But this is what makes soccer so glorious and so exciting because when something does happen it is so much more important, percentage-wise if not aesthetically or enjoyably, and it matters so much more. Nothing can quite easily lead to something at the drop of a hat. It often doesn't, but it can and that's part of the fun. Downtime in baseball is the catcher throwing the ball back to the pitcher and the pitcher deciding what to throw next. Downtime in football is players jogging back to the huddle and the play being called. Downtime in basketball is milling around on the court after a foul or a timeout. Nothing of consequence can happen in those moments, save a player injuring himself while making some mundane motion, because the game has been put on hold. In soccer, downtime is holding midfielder passing to the wing, wing passing to the creative midfielder, creative midfielder passing to the center back, and the center back passing to the holding midfielder all over again. All the short passes and ball control. Often, this happens routinely and nothing happens. But something can happen. Entire games can go by where it doesn't seem like any real progress is being made and there are no moments of excitement to cheer for. But then a Cameroonian holding middie might try a particularly audacious ball over the top of the defense and... oh my.

Phillips' argument is more aesthetic than mine as, well, he's the better writer. He makes a lovely analogy to unrequited love (or at least unaware love) and he draws out the masochist that exists in all soccer fans to some degree. I'm more concerned with analyzing the structure of these various sports to find out why we feel the way we do about what we watch. As a soccer fan, I will of course argue that soccer's highs are higher than those of other sports because we have no right to expect something decisive or even magical to happen, but then, sometimes, occasionally, dear-god-just-let-it-happen, it does. And because this was not set up or forced or dictated, it can feel amazing. I'm a fan of the other sports I mention. I watch them on a regular basis and I enjoy them as well. Greatly, at times. If you watch them and love them and only want to watch them, more power to you, I genuinely hope you have as much fun as possible. I just hope that somewhere along the way here, I explained what can be so impressive and ecstatic about soccer so that you will understand why fans of the game are willing to put up with the pain for the pleasure.

Game Notes

-This whole article was basically a fancy way of saying that the Arsenal vs Chelsea match was excruciatingly boring for the majority. Really a low quality game, which is so strange and so seemingly wrong from two sides that are capable of playing extraordinary soccer and had every reason to at least try to play that way on Saturday. Arsenal was aiming to solidify its place as third on the table and the automatic qualifier to next year's Champions League while Chelsea was desperate to make up ground on Tottenham and Newcastle as well as the Gunners. Furthermore, individual players for each side, either due to normal starters being rested or injured, had reason to try to impress both their fans and their coaches. Instead, we were treated to a boring 0-0 draw that left viewers with a sour taste in their mouth and Arsenal in a more tenuous third place than they were the day before. Such is soccer.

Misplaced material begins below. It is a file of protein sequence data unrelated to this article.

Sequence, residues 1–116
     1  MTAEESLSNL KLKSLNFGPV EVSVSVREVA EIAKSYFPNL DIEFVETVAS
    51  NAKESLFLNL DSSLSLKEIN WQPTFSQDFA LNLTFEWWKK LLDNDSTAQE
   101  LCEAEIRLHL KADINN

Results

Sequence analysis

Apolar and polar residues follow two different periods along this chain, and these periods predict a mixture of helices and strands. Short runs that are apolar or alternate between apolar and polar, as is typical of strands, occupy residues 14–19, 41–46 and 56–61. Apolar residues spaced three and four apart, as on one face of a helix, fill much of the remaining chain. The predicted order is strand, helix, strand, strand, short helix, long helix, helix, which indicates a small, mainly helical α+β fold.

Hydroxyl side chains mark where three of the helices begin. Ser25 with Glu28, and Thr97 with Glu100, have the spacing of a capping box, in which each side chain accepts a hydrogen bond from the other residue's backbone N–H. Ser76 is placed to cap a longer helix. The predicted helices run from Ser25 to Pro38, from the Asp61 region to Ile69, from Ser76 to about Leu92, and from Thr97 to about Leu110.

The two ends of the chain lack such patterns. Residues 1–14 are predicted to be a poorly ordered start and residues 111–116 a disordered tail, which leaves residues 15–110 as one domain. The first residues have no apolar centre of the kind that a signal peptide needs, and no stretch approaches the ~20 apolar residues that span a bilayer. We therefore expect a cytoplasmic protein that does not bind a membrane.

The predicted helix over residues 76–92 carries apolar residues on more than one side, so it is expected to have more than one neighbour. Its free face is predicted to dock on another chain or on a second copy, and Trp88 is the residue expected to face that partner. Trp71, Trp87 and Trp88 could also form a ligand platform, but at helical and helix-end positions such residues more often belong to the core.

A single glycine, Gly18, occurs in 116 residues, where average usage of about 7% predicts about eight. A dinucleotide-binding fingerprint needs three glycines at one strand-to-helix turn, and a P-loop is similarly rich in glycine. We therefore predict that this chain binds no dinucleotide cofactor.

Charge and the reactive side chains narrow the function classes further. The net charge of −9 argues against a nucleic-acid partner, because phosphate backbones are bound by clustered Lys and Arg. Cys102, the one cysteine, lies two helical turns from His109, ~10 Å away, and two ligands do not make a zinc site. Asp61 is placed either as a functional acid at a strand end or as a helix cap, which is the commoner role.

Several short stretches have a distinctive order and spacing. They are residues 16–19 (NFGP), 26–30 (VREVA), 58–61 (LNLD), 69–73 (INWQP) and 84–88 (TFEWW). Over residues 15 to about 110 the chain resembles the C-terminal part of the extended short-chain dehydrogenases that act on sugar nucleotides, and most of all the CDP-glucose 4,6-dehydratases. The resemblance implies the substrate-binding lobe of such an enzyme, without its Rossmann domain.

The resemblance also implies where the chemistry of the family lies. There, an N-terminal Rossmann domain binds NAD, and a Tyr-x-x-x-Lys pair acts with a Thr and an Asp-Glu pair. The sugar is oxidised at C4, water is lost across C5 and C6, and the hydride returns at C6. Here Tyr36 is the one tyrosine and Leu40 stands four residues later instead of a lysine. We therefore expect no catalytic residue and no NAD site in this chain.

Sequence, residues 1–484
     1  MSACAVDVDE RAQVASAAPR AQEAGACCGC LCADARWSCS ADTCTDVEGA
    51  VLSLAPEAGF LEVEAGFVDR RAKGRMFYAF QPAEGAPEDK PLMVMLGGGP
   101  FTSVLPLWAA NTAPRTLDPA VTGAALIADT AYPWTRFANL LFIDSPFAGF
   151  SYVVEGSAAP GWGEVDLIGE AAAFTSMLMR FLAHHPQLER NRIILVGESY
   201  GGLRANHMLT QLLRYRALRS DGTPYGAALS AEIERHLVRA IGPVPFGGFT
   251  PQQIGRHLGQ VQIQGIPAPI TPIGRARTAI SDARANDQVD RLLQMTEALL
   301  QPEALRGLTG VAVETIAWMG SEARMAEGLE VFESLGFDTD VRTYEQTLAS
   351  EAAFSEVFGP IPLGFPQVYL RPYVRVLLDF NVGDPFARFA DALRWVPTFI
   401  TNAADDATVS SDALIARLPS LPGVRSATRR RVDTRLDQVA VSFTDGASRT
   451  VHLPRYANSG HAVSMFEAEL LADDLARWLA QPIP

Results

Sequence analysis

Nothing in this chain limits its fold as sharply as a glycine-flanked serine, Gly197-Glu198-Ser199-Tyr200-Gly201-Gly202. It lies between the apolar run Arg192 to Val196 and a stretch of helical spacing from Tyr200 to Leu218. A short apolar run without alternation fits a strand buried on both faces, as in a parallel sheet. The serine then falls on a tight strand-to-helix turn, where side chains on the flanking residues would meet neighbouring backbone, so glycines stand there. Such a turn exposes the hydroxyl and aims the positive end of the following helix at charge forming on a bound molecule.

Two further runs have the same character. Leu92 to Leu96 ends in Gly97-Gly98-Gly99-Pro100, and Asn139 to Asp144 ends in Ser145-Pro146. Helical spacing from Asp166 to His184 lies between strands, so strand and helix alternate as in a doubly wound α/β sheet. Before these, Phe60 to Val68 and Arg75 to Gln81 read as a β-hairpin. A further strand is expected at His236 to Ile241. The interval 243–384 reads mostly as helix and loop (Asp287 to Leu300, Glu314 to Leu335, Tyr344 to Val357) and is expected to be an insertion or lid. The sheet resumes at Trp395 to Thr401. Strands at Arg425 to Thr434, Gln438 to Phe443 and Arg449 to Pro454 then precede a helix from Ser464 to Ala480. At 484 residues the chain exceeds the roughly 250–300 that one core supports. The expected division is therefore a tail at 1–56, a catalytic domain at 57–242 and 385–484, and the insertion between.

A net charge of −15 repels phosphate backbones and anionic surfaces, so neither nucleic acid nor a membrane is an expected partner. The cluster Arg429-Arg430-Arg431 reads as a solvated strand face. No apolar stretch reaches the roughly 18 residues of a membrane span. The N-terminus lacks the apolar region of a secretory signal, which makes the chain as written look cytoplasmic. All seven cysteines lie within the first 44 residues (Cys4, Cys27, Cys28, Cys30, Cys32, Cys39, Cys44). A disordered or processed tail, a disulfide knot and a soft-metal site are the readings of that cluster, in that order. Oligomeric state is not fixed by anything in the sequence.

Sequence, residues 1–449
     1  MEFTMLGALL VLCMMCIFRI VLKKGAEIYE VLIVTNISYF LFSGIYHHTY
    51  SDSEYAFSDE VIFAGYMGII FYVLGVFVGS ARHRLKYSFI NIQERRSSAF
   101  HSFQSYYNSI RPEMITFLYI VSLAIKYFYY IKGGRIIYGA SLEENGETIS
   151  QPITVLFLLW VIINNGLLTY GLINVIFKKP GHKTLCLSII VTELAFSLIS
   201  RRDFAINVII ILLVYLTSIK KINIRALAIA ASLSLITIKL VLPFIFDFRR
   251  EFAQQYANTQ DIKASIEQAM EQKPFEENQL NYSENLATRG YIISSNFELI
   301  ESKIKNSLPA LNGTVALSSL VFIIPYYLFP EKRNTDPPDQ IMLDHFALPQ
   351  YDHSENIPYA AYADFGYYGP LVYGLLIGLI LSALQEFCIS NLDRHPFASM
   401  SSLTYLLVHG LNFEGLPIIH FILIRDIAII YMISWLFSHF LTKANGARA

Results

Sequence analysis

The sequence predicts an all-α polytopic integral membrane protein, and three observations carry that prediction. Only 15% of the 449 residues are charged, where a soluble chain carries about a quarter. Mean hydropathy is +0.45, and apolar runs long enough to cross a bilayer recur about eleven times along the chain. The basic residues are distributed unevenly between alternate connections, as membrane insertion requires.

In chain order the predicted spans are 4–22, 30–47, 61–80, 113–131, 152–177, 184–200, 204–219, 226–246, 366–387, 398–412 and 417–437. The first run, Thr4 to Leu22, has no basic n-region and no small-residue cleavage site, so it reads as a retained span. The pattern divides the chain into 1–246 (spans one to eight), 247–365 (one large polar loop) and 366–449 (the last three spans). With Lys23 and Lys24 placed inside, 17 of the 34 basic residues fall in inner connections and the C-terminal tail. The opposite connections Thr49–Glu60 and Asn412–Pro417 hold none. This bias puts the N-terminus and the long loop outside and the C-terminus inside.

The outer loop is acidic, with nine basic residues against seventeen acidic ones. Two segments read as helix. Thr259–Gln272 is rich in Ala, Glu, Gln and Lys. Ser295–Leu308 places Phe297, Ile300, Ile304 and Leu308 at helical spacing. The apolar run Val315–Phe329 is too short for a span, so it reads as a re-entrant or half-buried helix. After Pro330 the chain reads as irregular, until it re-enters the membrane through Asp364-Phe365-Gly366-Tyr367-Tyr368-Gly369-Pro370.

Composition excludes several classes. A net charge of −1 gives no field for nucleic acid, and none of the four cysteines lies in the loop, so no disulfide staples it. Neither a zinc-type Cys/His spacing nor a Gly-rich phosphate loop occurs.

-I don't mean to shit on Aaron Ramsey game after game. I really don't. I like Ramsey and I want him to succeed. In fact I think he will succeed eventually once he settles down and learns to play the game more consistently. But once again, he did not live up to expectations. In this game he was tasked with the deeper lying midfielder position (Arteta's usual role) where he was expected to be the creative force for the team, a choice that I think was at least somewhat influenced by his inability to keep composure in front of net, hence Tomas Rosicky playing the high attacking midfielder role in this juggled lineup (though that's also Rosicky's favored role). In this position, Ramsey can choose to play like Arteta and keep the ball moving, guiding the game, or he can play a more incisive, direct game looking for forward moving through balls and opportune sprays out to the wings. The problem is that he dribbles too much to do the former and doesn't have the vision to do the latter. His patience is lacking and that keeps him from serving as a suitable stopgap, Arsenal's version of a caretaker quarterback. In the offseason he desperately needs to improve one of these aspects of his game, or his finishing and touch at the top of the box, or he will find himself without a role to play in the squad.

-As I mentioned previously, Arsenal still sit in third place but in a much more difficult position now. They are three points clear of Newcastle and six points clear of Tottenham, but both of those teams have a game in hand. Even Chelsea are not completely out the picture at seven points back with a game in hand so though the Gunners hold the tiebreaker (goal differential) over all those clubs, things could get messy with three games left. This Saturday morning is away to Stoke City, a difficult place to play and a team that Arsenal have history with. Then it's a must win home to Norwich City before the season finishes at West Bromwich Albion. These are mid-table teams at best and the kinds of games that Arsenal should win, but nothing is assured. Hopefully they have what it takes to close this out and hold onto the automatic Champions League spot. As Always, Go Gunners.